Saturday, July 10, 2010
LeBron James announced last night that he would leave the Cleveland Cavaliers and join Miami Heat. Cleveland was disappointed, upset, and then angry. The Cavs' majority owner Dan Gilbert called the decision a "cowardly betrayal." This issue of loyalty reminds me of a survey done by market research company Ipsos back in March.
The Reuters/Ipsos poll asked more than 1,000 Americans to consider 29 categories of people, organizations, products and services, and determine whether the actions of those entities over the past two years have made them more or less loyal to them. The top of the results? 70% said they were more loyal to their country than two years ago. After that, there were "spouse, partner or significant other" (64%), "family doctor" (58%), the "brand of car" they were driving (56%), a restaurant they went to frequently (56%), their favorite music station (55%), religion (54%), and where they got their news from on TV (54%).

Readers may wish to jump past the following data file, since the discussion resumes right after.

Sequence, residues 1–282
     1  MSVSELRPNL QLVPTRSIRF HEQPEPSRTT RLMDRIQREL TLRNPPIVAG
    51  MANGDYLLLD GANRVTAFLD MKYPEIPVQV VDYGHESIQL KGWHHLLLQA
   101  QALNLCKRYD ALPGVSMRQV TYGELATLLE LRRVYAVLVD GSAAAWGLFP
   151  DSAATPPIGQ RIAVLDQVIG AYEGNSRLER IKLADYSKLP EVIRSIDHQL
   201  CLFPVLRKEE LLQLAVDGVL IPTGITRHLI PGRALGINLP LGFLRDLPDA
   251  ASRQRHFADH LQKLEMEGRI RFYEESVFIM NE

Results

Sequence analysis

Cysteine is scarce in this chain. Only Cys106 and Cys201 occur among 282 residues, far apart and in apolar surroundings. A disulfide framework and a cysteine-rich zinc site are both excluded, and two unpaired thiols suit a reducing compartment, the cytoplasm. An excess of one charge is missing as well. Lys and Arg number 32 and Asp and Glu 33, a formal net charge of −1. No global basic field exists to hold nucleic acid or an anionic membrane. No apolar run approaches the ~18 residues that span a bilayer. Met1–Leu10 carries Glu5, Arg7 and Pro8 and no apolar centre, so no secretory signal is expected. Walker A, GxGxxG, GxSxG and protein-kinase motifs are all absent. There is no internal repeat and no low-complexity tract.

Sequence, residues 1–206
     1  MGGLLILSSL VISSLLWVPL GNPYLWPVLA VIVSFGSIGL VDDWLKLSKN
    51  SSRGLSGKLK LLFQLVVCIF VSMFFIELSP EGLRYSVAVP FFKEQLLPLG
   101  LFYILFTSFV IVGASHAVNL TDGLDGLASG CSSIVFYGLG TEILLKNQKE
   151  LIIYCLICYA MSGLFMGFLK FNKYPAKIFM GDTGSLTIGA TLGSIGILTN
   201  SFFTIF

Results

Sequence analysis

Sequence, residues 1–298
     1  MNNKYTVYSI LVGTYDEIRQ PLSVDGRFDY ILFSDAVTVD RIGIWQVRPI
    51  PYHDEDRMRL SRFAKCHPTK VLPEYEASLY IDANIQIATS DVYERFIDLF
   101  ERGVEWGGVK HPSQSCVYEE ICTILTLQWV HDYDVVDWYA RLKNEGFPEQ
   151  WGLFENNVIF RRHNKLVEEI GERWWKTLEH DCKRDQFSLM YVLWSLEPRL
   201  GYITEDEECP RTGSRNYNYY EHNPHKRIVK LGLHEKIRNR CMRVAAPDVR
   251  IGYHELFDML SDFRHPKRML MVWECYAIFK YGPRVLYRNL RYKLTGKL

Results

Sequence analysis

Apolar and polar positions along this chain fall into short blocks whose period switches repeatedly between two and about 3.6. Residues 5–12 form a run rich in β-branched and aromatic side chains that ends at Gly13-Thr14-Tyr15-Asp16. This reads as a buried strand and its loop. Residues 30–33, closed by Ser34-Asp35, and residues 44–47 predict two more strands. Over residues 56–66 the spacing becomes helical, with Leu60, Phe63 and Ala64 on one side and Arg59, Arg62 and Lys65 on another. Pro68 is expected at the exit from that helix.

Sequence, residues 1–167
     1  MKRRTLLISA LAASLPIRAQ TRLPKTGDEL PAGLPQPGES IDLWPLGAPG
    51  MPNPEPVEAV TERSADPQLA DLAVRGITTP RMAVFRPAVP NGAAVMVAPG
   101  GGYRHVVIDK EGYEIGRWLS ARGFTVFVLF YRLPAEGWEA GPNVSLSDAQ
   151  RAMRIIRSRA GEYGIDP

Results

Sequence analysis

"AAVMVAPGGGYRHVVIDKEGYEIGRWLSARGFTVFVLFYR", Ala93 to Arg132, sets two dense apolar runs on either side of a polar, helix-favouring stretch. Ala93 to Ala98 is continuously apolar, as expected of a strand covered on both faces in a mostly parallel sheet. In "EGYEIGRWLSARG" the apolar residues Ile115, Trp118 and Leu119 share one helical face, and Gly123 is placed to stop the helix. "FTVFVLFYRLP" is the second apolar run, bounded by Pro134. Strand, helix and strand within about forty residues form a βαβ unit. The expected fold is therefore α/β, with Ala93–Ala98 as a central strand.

What about a job? Only 39% Americans said they became more loyal to their employers. That's lower than a TV show (drama 47%, comedy 41%) or a soft drink (41%). Only 55% of employees said they would stay at their job and turn down higher pay elsewhere, which suggested that 45% might "jump ship" for better offers. The poll also showed that most Americans do not believe companies are doing a good job at recognizing and rewarding loyal employees or customers. Loyalty is a two-way street. If your contribution is not properly recognized or rewarded, why stick around?
Let's face it. Basketball for LeBron is a job. Nobody can say his work was not recognized or rewarded - getting two back-to-back MVPs in the last two years is quite something. But he wants the championship so bad. “I think the major factor, the major reason, in my decision was the best opportunity to win, and to win now and to win into the future also,” he said at the press conference. LeBron has stayed with the Cavs for seven years now but got no title. If your job can't give you what you want, maybe it's really time to move on.